Seesmic Desktop for Windows: Better for Twitter than TweetDeck?

This weekend Seesmic Desktop for Windows was released. We rushed to download our copy -- we've had enough of Adobe Air munching through our system memory

As good as the Twitter Web site is for updating everyone about the various happenings in your life, it's certainly not as handy as having some sort of application to do it for you. After all, we can access email in our Web browser, but having a desktop app is still a more streamlined experience. At the moment, the majority of decent Twitter apps are written for Adobe Air. But now, Seesmic has launched an early release of its new native Windows application.

Seesmic Desktop has two versions -- the older Air application was, without wishing to appear rude, horrific. Seesmic is also the company behind Twhirl, which is a much better application, but more useful if you only have a single account to manage and aren't bothered about seeing all your messages and @replies on a single screen. 

The closest competitor to Seesmic is TweetDeck. So, which of the two do we prefer? Seesmic makes plenty of promises, and in practice could rid us of Adobe Air, which is very welcome indeed. The main problem with Air seems to be the same issue that blights Adobe's Flash -- it's susceptible to memory leak, which means, sooner or later, you'll find TweetDeck using 500MB of your precious RAM for no apparent reason.

Battering RAM

That said, when we first started up both TweetDeck and Seesmic, the latter used more RAM. As time went on though, TweetDeck started hoovering up around 170MB, with Seesmic dropping to 140MB, sometimes less. Because Seesmic is a Windows application, it can also make use of the advanced graphics libraries that come with Vista and 7 -- expect semi-transparent edges and other whizzy effects. Even so, we don't think the app is as pretty as TweetDeck, which has a no-frills style, but maximises your screen real-estate.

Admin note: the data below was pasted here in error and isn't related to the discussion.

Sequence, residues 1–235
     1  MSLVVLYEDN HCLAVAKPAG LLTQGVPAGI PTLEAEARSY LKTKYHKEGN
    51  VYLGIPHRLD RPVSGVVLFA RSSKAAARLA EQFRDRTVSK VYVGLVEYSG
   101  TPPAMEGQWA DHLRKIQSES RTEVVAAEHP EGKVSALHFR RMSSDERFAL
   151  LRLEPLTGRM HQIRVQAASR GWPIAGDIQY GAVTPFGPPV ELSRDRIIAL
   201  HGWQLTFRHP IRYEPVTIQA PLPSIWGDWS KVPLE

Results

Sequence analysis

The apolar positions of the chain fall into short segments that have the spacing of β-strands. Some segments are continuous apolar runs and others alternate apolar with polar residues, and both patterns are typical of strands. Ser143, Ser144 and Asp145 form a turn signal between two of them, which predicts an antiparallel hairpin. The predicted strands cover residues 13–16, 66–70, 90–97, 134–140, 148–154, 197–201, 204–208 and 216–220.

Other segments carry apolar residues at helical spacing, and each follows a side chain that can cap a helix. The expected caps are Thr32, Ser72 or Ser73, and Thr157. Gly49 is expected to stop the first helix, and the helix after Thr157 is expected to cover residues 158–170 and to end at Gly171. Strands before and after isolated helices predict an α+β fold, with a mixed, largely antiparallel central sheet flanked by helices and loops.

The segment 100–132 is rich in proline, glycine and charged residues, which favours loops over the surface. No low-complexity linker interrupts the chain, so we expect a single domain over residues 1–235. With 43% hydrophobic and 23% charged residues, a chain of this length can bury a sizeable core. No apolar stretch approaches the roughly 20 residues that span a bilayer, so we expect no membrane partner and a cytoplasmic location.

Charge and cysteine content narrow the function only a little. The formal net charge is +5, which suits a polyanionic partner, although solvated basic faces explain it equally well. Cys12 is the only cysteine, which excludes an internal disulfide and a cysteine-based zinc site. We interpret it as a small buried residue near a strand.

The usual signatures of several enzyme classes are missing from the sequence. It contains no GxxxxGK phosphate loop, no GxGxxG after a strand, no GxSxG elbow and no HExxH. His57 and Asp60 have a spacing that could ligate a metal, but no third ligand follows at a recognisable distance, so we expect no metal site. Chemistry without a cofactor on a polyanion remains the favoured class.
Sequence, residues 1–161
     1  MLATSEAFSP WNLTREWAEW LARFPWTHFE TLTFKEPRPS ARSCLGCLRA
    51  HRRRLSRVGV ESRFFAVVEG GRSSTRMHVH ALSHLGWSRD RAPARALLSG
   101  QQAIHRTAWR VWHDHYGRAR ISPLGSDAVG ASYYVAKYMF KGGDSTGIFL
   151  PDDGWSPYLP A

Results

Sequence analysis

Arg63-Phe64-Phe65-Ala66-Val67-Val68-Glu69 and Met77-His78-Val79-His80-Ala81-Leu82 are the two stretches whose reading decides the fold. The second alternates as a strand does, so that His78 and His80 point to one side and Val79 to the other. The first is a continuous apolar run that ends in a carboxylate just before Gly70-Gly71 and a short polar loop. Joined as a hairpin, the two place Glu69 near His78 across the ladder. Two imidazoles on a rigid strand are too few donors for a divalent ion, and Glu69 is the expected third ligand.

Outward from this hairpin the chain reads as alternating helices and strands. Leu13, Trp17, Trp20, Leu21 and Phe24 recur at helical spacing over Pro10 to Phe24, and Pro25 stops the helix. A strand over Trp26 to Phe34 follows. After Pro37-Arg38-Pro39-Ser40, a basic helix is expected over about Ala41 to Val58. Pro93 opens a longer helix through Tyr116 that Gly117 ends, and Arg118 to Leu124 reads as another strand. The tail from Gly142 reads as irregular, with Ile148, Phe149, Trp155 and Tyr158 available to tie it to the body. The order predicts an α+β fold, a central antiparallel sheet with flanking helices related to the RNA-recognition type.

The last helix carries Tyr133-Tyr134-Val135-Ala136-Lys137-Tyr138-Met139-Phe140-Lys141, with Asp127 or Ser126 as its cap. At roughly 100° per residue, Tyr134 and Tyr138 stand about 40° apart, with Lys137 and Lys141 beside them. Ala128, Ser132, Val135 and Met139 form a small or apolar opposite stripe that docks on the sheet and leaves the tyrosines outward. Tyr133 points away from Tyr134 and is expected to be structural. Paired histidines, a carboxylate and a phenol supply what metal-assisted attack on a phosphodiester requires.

Seesmic makes it easy to access your various user accounts too, but the tabs and lists on the left of the window take up too much space, which means you can't get as much in the rest of the screen as you can with TweetDeck. There's also a fair amount of repetition in the way you can see tweets from your various accounts, either in the 'all' tab or via the 'accounts' tab. Happily, there's also a tab for your user lists, which is a terrific idea for making the most of that feature.

So, what's the verdict?

Overall, we think Seesmic has a shedload of potential. We like the fact that it doesn't use Air, and we love the Aero look and feel that comes with a stand-alone Windows app. Our problem is, we prefer the layout and design of TweetDeck. So what's the solution? We think perhaps a standalone TweetDeck app might be what we're looking for. You can download Seesmic from its Web site now.

 

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